Rachel Thompson: 27:18
Before we get to my next guest, Yukti Narang, I’m stepping away from these interviews to let you know about the Write, Publish, Shine Intensive, currently open for registration, but not for much longer as of this recording.
This is my intensive course that brings together all of the goodness of my three courses on generating, revising, and publishing your work, plus much more.
This holistic intensive takes writers through the journey of developing new, luminous writing with lots of feedback, training to help you skilfully edit your work, and a custom-tailored plan to submit your writing for publication. You’ll finish the program with completed short works of writing already submitted for publication to places that most fit your voice.
Do you crave support and structure so you can write your most luminous work?
Maybe your writing practice has slipped and you need deadlines, encouraging feedback and help to hone in on your unique voice, where you feel overwhelmed about where to begin, when it comes to revising your writing and want to develop your editorial skills. Or maybe you don’t know what to send lit mags or whether there’s a place out there for your unique voice. (I’m speaking incredibly quickly because I have children talking in the background during this ad read. So, I hope you appreciate how this is real. This is real. This is really happening folks during the outreach.)
You want feedback from a writer and editor who has your back and a community of writers to support you and your dreams of writing and publishing.
At the end of the Write, Publish and Shine Intensive you will have polished several stories, poems or hybrid work, you’ll have submitted your work to publications that fit you. You’ll have prepared for a big “YES” for your writing and your writing dreams. And you will have found your place in a community of writers.
You already know me if you’re listening to this, as the host of the Write, Publish, and Shine Podcast, and I am also a literary magazine editor (with Room), which you also know, because I’ve been talking all about it this episode. I’m also a published author, and online course instructor here to help you publish your most luminous work. In the intensive program, I help you every step of the way to write, publish, and shine with personal feedback and support.
During the intensive, you will have three one-on-one mentorship calls, a one-hour personal manuscript review session, and a “warm seat” revision review with me, plus our group coaching calls during the Revision and Lit Mag Love course sections.
I offer a sliding scale payment options and reconciliation pricing for BIPOC and/or Trans Writers, in an effort to make the program more accessible to writers.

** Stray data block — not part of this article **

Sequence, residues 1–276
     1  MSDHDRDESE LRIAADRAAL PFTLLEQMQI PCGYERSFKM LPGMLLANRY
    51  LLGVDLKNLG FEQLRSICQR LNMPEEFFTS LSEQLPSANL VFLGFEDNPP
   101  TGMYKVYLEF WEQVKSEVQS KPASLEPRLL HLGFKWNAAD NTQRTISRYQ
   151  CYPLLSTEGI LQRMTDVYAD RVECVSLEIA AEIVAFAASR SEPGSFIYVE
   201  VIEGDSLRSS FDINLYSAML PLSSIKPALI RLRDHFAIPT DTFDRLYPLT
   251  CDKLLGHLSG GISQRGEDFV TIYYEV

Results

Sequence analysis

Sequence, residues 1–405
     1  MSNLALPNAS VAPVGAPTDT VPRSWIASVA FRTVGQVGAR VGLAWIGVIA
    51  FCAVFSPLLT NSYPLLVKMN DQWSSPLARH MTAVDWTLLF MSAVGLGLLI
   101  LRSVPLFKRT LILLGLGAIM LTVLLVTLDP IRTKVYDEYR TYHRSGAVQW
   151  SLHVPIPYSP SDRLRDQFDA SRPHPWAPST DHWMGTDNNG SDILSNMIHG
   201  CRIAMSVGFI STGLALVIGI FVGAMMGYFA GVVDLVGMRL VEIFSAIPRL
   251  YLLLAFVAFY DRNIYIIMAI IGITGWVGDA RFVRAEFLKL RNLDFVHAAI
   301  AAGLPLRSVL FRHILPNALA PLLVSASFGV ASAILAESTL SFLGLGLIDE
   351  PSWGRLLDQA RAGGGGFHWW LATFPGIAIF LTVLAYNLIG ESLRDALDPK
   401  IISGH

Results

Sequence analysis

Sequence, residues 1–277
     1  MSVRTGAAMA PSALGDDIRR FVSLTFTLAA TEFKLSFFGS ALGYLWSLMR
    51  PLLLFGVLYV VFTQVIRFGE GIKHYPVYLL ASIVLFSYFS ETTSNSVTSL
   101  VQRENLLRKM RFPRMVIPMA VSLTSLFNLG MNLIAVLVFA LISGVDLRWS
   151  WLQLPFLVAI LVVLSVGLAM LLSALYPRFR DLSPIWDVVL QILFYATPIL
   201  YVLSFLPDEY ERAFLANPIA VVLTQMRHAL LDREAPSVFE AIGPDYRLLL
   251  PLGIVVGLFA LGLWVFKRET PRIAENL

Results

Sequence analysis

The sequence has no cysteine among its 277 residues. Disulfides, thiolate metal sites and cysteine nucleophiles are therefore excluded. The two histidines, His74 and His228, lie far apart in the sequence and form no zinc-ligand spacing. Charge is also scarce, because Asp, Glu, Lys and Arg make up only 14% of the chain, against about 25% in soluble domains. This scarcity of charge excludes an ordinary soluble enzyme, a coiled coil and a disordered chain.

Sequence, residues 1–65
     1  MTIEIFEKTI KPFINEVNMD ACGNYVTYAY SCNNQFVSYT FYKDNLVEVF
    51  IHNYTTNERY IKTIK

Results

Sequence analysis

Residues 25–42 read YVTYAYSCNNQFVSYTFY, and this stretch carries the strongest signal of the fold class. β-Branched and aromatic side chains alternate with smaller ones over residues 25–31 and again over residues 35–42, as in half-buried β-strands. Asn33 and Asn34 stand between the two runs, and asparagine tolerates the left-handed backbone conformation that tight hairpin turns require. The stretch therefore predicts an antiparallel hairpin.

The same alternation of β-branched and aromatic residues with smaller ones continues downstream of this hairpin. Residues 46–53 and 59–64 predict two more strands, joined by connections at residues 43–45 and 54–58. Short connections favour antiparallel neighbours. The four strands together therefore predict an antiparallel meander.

We start very soon. If you’re at all interested, head on over to rachelthompson.co/intensive. To check it out.
We go for four months of dedicated writing, revising and publishing with lots of support for me.
That’s rachelthompson.co/intensive, to learn more and register.
So that was my conversation with Jennifer Cox talking about her poetry and approach to writing and submitting. I loved hearing about the overlap between being a lawyer and a poet. How interesting that they’re both practices. Of course, they’re both practices, but it just clicked for me in that conversation. And I just loved connecting with her about the process, we went through with her poem, Intubation choir. I will share the link to the book Whereas by **Layli Long Soldier in the show notes for this episode. So, don’t be concerned about that. In fact, we work hard to make sure that everything that’s referenced in each episode appears in the show notes.
This is episode 80. So that would be up at rachelthompson.co/podcast/80.
Up next, we have Yukti Narang a writer who spoke to me from New Delhi, India. Because of our mandate and funding, one thing you should know about Room is, we largely publish writing from what is colonially known as Canada, Room but also publishes work from around the world. And I will say that if we accept work from international contributors it’s because it’s very exceptional, because we are limited in the amount of space that we can give to non-Canadian writers. And Yukti’s poem was definitely that. And that’s a function again of funding that happens within the Canadian writing system. So, Yukti’s poem was definitely that. Very, very exceptional.
I will warn you that we mildly spoil her poem that has a beautiful twist in it, because we kind of had to talk about its creation. And I asked to get these permission, and we went ahead and did it. But if you have a copy of Room Ghosts, or want to grab one now to read before you’re spoiled, please do.
Again, they are available digitally as well at roommagazine.com.
And then come back to listen because Yukti has some incredibly illuminating advice about how she approaches writing and submitting her work to journals. So, there are must-listen insights on the process coming up in my conversation with Yukti Narang.